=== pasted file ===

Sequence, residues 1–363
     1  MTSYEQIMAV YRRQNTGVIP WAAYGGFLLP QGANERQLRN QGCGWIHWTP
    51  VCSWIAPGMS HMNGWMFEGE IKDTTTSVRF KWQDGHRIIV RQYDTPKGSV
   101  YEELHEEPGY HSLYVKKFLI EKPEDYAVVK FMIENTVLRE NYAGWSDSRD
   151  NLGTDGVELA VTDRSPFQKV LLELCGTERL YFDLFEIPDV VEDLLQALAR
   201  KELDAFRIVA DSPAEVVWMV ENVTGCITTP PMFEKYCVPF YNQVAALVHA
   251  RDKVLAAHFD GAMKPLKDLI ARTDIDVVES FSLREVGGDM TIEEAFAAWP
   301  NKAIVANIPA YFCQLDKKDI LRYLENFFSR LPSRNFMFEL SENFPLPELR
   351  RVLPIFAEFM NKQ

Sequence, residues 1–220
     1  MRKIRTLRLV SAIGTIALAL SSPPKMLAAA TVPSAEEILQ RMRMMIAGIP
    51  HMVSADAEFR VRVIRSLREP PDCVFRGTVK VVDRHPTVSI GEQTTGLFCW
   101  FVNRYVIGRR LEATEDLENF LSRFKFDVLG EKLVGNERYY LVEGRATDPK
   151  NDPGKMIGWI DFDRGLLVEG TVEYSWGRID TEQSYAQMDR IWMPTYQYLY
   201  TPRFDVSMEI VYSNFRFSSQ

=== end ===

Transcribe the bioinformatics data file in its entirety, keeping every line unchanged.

Sequence, residues 1–363
     1  MTSYEQIMAV YRRQNTGVIP WAAYGGFLLP QGANERQLRN QGCGWIHWTP
    51  VCSWIAPGMS HMNGWMFEGE IKDTTTSVRF KWQDGHRIIV RQYDTPKGSV
   101  YEELHEEPGY HSLYVKKFLI EKPEDYAVVK FMIENTVLRE NYAGWSDSRD
   151  NLGTDGVELA VTDRSPFQKV LLELCGTERL YFDLFEIPDV VEDLLQALAR
   201  KELDAFRIVA DSPAEVVWMV ENVTGCITTP PMFEKYCVPF YNQVAALVHA
   251  RDKVLAAHFD GAMKPLKDLI ARTDIDVVES FSLREVGGDM TIEEAFAAWP
   301  NKAIVANIPA YFCQLDKKDI LRYLENFFSR LPSRNFMFEL SENFPLPELR
   351  RVLPIFAEFM NKQ

Sequence, residues 1–220
     1  MRKIRTLRLV SAIGTIALAL SSPPKMLAAA TVPSAEEILQ RMRMMIAGIP
    51  HMVSADAEFR VRVIRSLREP PDCVFRGTVK VVDRHPTVSI GEQTTGLFCW
   101  FVNRYVIGRR LEATEDLENF LSRFKFDVLG EKLVGNERYY LVEGRATDPK
   151  NDPGKMIGWI DFDRGLLVEG TVEYSWGRID TEQSYAQMDR IWMPTYQYLY
   201  TPRFDVSMEI VYSNFRFSSQ